The Enigma of Kaspar Hauser
1975. 109 min. Germany. Directed by Werner Herzog. Watchdate: 12/19/2010

The non sequitur beginning and unbelievably sequitur ending of this movie stand out to me most especially. I don't even know what to say about the beginning except that I almost forgot it happened and it reminded me of Andrei Tarkovsky. The Mirror starts in a somewhat similar, if more coherent way. The ending is really amazing in a completely quiet, understated way. The procession of death on the mountain, which was visually reminiscent of both Herzog's Aguirre, the Wrath of God and Kurosawa's Dreams, appears so suddenly and briefly that it works exactly as it should. But after that it gets even better when the scientific aristocrats do the autopsy and see that Kaspar Hauser's brain and liver have an abnormal shape. Then the stenographer walks out onto the street, calls the stagecoach over to him, hands the coachman his hat and then tells him to leave because he's going to walk home. And then he starts walking home and he says to himself as he starts walking home "What a wonderful, what a precise report this will make! Deformities discovered in Kaspar Hauser's brain and liver! Finally we have got an explanation for this strange man..." At that point, I laughed really hard. And then the movie ends as the stenographer walks off into the distance. And then I was sad and I wasn't sure why. But I think it's because Herzog made one of those movies, as he tends to do, that starkly reveals humanity's blind spots. It's very funny when you actually see one of those blind spots. However, it also can be quite depressing, or even terrifying. I was pleasantly surprised to see Brigitte Mira, so excellent as the lead in Ali: Fear Eats the Soul, pop up here as the maid. Kaspar asks her why women aren't allowed to do anything important. It's a scene that wouldn't have been out of place in either movie.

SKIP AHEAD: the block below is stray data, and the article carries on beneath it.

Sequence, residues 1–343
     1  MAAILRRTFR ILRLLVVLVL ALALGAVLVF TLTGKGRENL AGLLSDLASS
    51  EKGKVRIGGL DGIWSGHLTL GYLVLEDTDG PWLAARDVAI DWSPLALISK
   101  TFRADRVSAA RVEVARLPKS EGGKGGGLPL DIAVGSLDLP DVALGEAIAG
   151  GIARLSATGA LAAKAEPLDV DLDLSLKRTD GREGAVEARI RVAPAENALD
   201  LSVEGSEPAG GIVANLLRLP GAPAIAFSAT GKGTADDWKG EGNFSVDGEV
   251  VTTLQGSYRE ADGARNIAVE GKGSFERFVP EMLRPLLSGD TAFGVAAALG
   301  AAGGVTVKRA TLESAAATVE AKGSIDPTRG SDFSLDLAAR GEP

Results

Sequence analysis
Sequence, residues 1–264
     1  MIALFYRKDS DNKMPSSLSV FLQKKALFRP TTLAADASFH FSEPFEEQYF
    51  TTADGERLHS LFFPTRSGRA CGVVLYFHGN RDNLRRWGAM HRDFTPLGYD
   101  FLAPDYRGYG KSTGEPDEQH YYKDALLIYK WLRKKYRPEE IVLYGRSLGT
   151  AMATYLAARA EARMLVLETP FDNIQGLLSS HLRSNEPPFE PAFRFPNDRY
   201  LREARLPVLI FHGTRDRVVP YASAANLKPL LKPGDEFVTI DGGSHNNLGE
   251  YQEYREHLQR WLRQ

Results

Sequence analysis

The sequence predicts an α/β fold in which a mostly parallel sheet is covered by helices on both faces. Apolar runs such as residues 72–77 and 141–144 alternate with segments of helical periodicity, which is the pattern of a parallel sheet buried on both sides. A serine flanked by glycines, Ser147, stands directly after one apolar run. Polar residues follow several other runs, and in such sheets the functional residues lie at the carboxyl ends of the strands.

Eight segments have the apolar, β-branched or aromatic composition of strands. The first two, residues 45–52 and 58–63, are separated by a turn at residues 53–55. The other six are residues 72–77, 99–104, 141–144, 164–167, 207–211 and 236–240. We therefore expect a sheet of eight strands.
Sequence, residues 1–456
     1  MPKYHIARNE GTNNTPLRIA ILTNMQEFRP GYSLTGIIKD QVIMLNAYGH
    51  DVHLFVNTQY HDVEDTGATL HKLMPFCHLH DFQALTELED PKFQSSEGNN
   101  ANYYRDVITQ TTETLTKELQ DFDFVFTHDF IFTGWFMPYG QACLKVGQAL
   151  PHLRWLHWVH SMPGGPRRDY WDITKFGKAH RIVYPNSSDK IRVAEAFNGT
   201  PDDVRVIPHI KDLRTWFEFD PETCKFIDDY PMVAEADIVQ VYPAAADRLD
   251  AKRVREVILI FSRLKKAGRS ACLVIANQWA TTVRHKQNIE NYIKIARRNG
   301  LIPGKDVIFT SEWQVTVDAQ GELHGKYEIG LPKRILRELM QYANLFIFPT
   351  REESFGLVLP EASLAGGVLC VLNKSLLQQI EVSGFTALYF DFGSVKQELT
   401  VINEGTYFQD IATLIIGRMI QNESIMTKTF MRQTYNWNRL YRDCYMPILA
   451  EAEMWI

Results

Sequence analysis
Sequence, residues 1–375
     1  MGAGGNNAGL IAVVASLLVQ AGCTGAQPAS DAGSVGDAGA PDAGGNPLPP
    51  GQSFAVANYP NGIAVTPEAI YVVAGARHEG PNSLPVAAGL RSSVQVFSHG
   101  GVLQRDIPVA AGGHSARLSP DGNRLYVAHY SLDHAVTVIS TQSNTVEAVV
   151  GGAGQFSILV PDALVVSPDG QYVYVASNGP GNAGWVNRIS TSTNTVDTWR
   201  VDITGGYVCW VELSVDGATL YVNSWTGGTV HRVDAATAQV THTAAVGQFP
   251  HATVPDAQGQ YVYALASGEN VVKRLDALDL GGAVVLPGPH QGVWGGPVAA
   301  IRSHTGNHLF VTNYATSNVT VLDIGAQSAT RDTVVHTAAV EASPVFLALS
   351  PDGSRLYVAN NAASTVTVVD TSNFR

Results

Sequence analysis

PS - Hey, I'm actually following up on this project I started! I am highly impressed with myself.

Wednesday, January 19, 2011

232 Movies in 365 Days

In 2010, I watched roughly 232 movies. I did this for various reasons, of which I will list a few of the most sensible ones below:
  1. There were a ton of movies I had always meant to watch but never got around to and I decided to just make time to actually watch them.
  2. It seemed to be a more stimulating way to procrastinate and waste time than farting around on the Internet or watching television. (If you don't see much of a difference between movies and television, you're either much less of an intellectual than I am or much more of an intellectual than I am. Don't worry though, the difference is probably at my expense either way.)
  3. I got Netflix towards the end of 2009. It has a massive back catalogue of movies from nearly every decade and country that has produced movies. As you might imagine, once you fall down such a rabbit hole, it can be very difficult to return to your waking life.